Richard Egarr - One Byrde in Hande - musica Dei donum
One of the main sources of European keyboard music is the art of the English virginalists, composers of keyboard music from the decades around 1600. The common name derives from the instrument, which was so characteristic of keyboard playing in England: the virginals. It was widely disseminated, partly because it was cheaper than the harpsichord. Samuel Pepys, in his diary, mentions that during the Great Fire of London in 1661, when people were trying to rescue their furniture by boat, there was a virginal in almost one in three of them. However, this does not mean that all keyboard music was intended to be played on the virginal. As New Grove writes, the term 'virginal' was used in England "to denote all quilled keyboard instruments well into the 17th century". That is not all. There was a long tradition of secular organ playing in England, which went back at least to Tudor times. Therefore some pieces can also be played at small organs.
One of the main exponents of virginal music is William Byrd. He was one of the most revered composers of his time, despite the fact that he was of the Catholic religion, in a time when England was under the rule of the firmly protestant Elizabeth I. Byrd contributed to almost any genre of his time: sacred and secular vocal music, consort music and music for keyboard. 42 of his keyboard works are included in My Ladye Nevells Booke, which is preserved in manuscript in the British Library. Another important source of his keyboard oeuvre is the Fitzwilliam Virginal Book. Byrd was also one of the three contributors to the collection Parthenia or The Maydenhead of the first musicke that ever was printed for the Virginalls, printed at the occasion of the wedding of Elizabeth Stuart and Frederick V, Count Palatinate of the Rhine, which took place in February 1613.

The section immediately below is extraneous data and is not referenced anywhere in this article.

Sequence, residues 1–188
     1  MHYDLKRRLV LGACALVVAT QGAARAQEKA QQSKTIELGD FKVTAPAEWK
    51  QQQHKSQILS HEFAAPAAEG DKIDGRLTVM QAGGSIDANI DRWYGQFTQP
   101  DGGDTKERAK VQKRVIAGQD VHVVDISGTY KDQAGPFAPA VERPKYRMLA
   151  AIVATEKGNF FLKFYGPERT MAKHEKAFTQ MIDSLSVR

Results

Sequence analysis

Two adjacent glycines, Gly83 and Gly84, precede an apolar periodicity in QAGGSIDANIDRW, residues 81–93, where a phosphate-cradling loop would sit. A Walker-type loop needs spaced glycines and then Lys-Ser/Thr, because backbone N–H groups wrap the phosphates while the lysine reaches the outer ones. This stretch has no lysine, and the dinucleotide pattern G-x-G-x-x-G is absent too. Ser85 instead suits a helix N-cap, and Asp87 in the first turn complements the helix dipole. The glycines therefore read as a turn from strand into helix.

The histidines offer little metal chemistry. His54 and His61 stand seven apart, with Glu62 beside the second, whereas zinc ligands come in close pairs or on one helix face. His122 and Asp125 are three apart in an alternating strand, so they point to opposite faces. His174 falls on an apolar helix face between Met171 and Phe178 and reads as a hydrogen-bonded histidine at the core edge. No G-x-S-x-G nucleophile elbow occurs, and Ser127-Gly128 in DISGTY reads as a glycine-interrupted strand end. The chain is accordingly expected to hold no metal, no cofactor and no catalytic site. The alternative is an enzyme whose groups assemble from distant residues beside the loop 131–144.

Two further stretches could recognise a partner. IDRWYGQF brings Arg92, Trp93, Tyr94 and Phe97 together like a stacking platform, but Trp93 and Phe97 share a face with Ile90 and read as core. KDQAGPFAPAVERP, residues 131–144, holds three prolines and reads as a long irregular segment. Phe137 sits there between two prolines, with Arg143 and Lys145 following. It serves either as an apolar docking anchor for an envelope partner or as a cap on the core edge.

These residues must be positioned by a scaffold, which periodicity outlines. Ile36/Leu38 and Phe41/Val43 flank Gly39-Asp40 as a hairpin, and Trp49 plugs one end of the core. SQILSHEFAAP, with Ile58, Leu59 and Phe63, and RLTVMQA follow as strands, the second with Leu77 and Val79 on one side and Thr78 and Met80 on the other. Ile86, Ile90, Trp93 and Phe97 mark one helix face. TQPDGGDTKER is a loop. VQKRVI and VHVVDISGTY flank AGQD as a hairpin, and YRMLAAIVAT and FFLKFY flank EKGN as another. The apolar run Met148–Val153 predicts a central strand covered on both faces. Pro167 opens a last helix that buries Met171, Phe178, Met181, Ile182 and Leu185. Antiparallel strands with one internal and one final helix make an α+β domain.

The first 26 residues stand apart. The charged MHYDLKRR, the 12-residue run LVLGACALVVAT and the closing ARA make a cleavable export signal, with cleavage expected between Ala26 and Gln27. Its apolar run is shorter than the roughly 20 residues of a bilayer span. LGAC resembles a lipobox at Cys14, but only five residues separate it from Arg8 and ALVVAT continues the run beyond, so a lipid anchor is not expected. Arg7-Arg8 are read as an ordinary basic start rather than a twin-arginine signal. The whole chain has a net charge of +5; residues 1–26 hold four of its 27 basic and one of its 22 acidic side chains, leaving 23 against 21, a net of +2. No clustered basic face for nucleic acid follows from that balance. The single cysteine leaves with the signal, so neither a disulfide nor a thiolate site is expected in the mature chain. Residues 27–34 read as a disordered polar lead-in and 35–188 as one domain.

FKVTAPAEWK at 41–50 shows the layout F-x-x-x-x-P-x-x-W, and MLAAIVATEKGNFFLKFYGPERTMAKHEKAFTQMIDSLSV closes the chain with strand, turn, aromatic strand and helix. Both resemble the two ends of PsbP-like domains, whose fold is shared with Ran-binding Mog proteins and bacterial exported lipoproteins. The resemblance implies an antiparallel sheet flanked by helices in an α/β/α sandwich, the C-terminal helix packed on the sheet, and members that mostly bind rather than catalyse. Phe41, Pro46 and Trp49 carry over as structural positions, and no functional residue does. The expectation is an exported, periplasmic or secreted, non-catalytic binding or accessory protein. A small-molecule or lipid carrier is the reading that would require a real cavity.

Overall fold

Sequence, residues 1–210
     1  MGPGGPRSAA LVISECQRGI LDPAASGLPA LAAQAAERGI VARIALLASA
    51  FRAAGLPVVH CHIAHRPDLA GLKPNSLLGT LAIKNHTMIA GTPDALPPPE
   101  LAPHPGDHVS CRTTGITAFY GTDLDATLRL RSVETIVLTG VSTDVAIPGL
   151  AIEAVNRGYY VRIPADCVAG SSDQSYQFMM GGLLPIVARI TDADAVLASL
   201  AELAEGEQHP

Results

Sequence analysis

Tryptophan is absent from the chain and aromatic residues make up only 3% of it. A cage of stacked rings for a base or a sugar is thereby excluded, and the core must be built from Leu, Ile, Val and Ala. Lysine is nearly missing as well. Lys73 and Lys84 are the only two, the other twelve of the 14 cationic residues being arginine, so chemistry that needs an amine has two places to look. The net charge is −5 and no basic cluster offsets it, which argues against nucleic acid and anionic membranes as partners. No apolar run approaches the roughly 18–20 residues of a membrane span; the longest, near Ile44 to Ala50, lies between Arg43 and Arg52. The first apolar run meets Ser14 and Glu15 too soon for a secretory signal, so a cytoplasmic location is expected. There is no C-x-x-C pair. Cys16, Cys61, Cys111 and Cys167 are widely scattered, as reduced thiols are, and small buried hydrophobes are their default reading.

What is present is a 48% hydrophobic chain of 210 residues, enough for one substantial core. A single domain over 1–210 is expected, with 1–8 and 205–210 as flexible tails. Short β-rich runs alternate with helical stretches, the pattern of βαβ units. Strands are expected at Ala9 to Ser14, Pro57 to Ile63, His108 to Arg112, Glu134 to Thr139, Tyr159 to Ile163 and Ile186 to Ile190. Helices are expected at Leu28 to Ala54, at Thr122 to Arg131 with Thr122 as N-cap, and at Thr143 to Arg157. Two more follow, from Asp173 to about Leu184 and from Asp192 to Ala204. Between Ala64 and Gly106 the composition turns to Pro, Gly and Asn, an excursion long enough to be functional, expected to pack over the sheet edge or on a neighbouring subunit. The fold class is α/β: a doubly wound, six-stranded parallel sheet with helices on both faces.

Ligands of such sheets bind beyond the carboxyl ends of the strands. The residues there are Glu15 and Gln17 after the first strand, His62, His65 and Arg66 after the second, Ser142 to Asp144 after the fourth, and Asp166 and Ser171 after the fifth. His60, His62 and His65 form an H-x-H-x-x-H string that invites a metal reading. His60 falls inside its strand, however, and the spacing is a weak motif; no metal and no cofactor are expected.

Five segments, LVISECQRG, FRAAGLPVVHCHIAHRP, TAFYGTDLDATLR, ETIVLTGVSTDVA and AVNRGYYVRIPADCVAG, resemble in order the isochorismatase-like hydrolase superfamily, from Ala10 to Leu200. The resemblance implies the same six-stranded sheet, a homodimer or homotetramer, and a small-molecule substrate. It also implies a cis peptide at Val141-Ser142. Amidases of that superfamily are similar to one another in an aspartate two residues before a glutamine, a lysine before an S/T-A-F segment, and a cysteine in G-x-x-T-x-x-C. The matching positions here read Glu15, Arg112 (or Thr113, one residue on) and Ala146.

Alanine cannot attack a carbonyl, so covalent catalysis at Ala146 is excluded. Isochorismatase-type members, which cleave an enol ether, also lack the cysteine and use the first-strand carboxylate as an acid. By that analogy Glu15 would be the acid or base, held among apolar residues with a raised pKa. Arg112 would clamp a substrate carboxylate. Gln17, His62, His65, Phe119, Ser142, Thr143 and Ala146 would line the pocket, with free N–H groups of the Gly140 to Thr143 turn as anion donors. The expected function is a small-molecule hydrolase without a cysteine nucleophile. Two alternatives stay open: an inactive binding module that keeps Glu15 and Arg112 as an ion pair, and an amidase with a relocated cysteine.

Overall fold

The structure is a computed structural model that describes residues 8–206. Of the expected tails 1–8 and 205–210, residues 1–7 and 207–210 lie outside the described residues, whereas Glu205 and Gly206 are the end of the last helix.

All genres are represented in Byrd's keyboard oeuvre: dances, variations on popular tunes, grounds, character pieces, fantasias, preludes and, of course, pairs of pavans and galliards. Not all of them are included in the programme recorded by Richard Egarr. In his liner-notes, he writes about his fascination for Byrd's keyboard works, and his selection is very much a personal choice of some of his favourite pieces. Even so, there is quite some variety in his selection. The short preludes and longer fantasias bear witness to Byrd's mastery of counterpoint. Quite intriguing are the two pieces based on a sequence of notes, Ut re mi fa sol la, known as hexachord, and Ut mi re. It is astonishing what Byrd is able to make out of such simple themes. Bassi ostinati, known as grounds in England, were very popular across Europe, and it does not surprise that Byrd's oeuvre includes several such pieces. Transcriptions or arrangements of pieces originally intended for other scorings constitute a major part of the repertoire of English virginalists. Dowland's Lachrymae Pavan was among the favourites. Lastly, the virginalists liked to write character pieces. Egarr's programme ends with The bells, which refers to the tradition of bell-ringing at the English countryside.
Egarr decided to confine himself to the harpsichord. He plays a copy of a Ruckers of 1638. Although the booklet unfortunately does not include any details about this instrument, it seems likely that it has two manuals. It is possible that Byrd was acquainted with this kind of instruments, as Ruckers was one of the main harpsichord builders in Europe. However, such large instruments were not very common in England. From that perspective this choice is debatable. That said, I have nothing but praise for Egarr's performances. His engaging and rhythmically precise playing, together with a nice variety in his selection of pieces and the way he has put the programme together, results in a compelling recital, which is a perfect survey of William Byrd's art.